Importantly, justice is always to go hand in hand with mercy.

Without mercy, justice too easily becomes retribution. If mercy is not the hand that wields the sword of justice, there will only ever be more injustice. It is in this way that our pursuit of justice cannot be separated from God’s love, and our fight against injustice must first start from knowing God’s love.

As part of this, we must recognise that rather than being about retribution, justice is entirely about restoration. Restoring individuals, relationships, and whole institutions, to the way God intended them to be. Justice in us, the way God disciplines us, is always for the purpose of restoring us to him and this restoration is also the purpose of pursuing justice in the world.

How to Pursue Justice

Powell discussed these three ways justice is marked on a just person’s life:

  1. Speaking the truth even when it costs you – put yourself in the right, and correct yourself when you exaggerate, practice living openly and honestly and with integrity.
  2. Lamenting before God – remind God of his promises, yearn after salvation for the world in the here and now, express hope to God in hopeless situations, call upon his presence when it cannot be seen, be passionate about seeing injustices being put right for the glory of God.
  3. Acting with courage – participate in good rather than only standing against evil. Act not just for the church’s good, but act to show God’s love to everyone regardless of who they are and whether or not they are working for justice. Expect spiritual oppositions because spiritual powers are opposed to God’s way of justice. Hold fast to the hope that we have.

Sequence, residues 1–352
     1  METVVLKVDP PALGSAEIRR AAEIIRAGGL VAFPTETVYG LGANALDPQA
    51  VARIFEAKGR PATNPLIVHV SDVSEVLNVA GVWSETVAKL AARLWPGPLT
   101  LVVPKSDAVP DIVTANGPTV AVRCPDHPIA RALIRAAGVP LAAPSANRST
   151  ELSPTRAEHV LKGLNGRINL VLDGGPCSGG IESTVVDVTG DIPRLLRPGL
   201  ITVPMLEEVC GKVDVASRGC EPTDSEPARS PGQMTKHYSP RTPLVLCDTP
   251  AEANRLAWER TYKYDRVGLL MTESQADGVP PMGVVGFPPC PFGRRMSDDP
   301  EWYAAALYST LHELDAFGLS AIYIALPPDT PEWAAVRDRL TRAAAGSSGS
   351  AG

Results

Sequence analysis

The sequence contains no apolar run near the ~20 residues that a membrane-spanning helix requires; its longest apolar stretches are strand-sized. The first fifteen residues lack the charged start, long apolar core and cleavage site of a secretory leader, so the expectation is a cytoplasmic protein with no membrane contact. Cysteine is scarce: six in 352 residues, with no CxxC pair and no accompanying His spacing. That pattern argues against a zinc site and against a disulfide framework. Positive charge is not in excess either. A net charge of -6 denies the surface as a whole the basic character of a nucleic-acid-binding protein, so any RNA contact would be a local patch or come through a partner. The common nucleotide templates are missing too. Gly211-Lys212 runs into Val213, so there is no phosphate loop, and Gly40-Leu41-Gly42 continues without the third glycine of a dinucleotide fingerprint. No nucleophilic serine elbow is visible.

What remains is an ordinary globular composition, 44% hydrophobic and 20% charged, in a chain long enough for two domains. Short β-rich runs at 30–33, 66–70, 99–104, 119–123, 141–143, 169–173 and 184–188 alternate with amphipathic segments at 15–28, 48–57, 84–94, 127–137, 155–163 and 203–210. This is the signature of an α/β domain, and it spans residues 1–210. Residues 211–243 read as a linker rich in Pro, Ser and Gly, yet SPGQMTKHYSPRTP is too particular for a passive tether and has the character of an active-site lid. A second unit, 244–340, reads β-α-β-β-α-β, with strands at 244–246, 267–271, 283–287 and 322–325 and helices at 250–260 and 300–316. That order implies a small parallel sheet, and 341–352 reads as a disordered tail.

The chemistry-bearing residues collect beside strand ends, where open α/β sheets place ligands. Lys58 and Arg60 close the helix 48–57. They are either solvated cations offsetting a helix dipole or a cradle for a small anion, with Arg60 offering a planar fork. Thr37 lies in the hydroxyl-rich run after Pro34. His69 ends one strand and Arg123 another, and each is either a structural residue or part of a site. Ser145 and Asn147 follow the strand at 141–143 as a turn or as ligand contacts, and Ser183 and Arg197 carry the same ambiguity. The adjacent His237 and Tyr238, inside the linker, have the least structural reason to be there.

If we want to be a just people, we are to commit to becoming people who lament before God, who care for those who are oppressed, in the mess and the bureaucracy and the weariness of doing so – tackling pay gaps and differentials, structural racism, poverty, climate change, issues in the criminal justice system, everything that doesn’t reflect the heart of God.

This will always be a challenge, but we are to believe that justice will start with us. This prayer was said at the end, and I think it’s suitable to finish what I’ve written here too:

May God bless you with a restless discomfort

about easy answers, half-truths, and superficial relationships,

so that you may seek truth boldly and love deep within your heart.

May God bless you with holy anger

at injustice, oppression, and exploitation of people,

so that you may tirelessly work for justice, freedom, and peace among all people.

May God bless you with the gift of tears

to shed for those who suffer from pain, rejection, starvation, or the loss of all that they cherish,

so that you may reach out your hand to comfort them and transform their pain into joy.

May God bless you with enough foolishness

to believe that you really can make a difference in this world,

so that you are able, with God’s grace, to do what others claim cannot be done.